Fears over legislation void ‘risks threat of terrorism’

By Gary Lloyd

- Last updated on GMT

(credit: Getty/somboon kaeoboonsong)
(credit: Getty/somboon kaeoboonsong)

Related tags Legislation Social responsibility Government NTIA Health and safety

A refusal by the Government to implement legislation for security businesses is putting the sector at risk from terrorist threats, according to the Night Time Industries Association (NTIA) and the UK Door Security Association (UKDSA).

The trade body said private security companies that are avoiding paying tax and not offering training need to be brought under regulations. This is because the Home Office’s refusal to pursue the implementation of business licensing within the private security sector will weaken the ability for front-line security to protect the public from potential terrorist threats, and will compromise the implementation of Martyns Law in the future (Terrorism (Protection of Premises) Bill).

The NTIA and UKDSA have expressed huge concern over its ability to protect the public, with an estimated 4,000 front-line security resource supply companies working within the hospitality and night-time economy that are untraceable by the regulator and key Government departments.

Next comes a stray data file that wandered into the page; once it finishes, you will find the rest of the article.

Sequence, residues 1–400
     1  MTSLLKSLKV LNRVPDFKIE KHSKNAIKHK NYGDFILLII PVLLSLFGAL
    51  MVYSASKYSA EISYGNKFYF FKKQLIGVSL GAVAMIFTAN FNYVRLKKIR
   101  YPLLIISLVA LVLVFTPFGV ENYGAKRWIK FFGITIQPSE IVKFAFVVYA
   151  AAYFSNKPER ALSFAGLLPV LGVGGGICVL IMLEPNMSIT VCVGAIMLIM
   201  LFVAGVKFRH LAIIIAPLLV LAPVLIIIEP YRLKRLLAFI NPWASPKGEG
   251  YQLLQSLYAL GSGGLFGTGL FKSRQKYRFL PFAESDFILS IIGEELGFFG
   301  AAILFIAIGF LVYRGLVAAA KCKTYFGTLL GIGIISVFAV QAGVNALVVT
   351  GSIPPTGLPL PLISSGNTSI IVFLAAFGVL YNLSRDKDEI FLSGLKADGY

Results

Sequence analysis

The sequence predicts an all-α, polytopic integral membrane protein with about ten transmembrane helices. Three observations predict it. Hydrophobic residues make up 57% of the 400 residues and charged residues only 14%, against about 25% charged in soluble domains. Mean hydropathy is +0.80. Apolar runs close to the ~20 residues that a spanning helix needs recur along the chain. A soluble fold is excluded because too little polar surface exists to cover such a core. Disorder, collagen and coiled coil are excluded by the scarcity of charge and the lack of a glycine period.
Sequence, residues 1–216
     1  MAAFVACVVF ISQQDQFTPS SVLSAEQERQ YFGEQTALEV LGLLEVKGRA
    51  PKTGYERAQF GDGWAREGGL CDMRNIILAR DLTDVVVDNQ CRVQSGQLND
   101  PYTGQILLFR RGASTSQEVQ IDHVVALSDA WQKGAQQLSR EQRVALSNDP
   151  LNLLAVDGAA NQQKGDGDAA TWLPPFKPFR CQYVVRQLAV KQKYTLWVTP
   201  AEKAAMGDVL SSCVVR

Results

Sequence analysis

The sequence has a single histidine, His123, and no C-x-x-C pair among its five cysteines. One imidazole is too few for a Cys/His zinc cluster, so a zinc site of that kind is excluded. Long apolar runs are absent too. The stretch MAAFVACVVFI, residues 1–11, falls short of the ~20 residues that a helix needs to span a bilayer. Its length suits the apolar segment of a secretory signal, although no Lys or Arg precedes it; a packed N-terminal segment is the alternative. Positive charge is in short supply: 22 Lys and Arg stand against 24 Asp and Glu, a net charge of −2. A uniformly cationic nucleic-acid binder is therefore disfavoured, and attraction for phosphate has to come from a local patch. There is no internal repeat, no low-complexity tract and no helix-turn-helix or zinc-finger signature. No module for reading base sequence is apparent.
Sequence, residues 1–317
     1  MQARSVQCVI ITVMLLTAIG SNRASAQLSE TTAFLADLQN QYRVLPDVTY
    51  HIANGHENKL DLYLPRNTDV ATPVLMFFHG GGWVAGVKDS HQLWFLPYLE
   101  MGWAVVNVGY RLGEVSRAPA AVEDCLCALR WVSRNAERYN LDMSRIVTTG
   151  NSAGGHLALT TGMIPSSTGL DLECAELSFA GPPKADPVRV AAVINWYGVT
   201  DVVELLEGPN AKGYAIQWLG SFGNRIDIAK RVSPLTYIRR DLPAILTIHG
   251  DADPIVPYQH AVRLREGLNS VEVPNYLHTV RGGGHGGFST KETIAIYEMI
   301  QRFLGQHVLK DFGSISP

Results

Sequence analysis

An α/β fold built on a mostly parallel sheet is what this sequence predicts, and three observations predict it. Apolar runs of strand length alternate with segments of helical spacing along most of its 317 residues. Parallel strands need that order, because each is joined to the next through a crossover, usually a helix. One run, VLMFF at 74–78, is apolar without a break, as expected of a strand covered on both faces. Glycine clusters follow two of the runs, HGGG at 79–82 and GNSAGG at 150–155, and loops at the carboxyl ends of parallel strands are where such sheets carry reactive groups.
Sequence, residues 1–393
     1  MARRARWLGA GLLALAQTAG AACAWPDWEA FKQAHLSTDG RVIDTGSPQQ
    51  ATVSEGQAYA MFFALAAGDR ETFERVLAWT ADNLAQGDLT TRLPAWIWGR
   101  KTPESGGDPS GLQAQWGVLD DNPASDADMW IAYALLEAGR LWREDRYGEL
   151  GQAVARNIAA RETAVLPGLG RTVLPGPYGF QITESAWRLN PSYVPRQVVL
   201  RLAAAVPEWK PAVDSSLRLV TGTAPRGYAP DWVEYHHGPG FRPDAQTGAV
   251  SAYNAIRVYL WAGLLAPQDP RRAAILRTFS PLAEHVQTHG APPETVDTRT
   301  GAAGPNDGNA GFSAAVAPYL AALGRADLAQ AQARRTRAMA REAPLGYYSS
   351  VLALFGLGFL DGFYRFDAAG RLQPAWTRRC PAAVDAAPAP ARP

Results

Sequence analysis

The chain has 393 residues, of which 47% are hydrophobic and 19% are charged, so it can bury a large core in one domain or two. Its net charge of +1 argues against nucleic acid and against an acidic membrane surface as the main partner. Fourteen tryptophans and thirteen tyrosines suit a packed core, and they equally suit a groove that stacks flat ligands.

Questions have to be raised

Analysis of the current ‘Approved Contractor Scheme’, which has a limited number of door security suppliers within it, with an estimated 800 voluntary members, which are largely self-assessed, suggests questions have to be raised with regard to the ability for the regulator to control this part of the sector under the current regime.

The NTIA said the current system has created a disparity in taxation, where ACS-accredited company participants must employ all their operatives via PAYE, whereas non-accredited businesses, which are not registered and not tracked by the regulator are contracting operatives via UTR self-employed schemes to maximise financial position and be more price-competitive.

It added some of these businesses are subject to tax avoidance, devoid of training and standards, and are not subject to the appropriate level of internal vetting, with many allowing access for uninsured operatives and are known within the sector for poaching staff directly from competitors on cash based terms.

Scrutiny of Martyns Law

With Martyns Law currently under scrutiny, there is a concern that front-line security for thousands of businesses across the country, with public access but without mandatory business licensing, will not have the appropriate standards of vetting, insurance and basic training required to keep people safe within public spaces.

NTIA CEO Michael Kill said: “Following the recommendations from the Manchester Arena inquiry, the refusal by the Home Office to implement a business licensing scheme for all private security businesses is a considerable oversight.

“The Home Secretary and security minister have little or no grasp of the issues faced by the sector, particularly one that is on the verge of implementing a new duty to protect premises accessed by the public from a potential terror threat. 

“It is glaringly obvious a limitation in control of companies, which supply security resource and don’t follow a strict vetting procedure, will leave a considerable void in the overarching counter terror strategy for businesses on the ground.”

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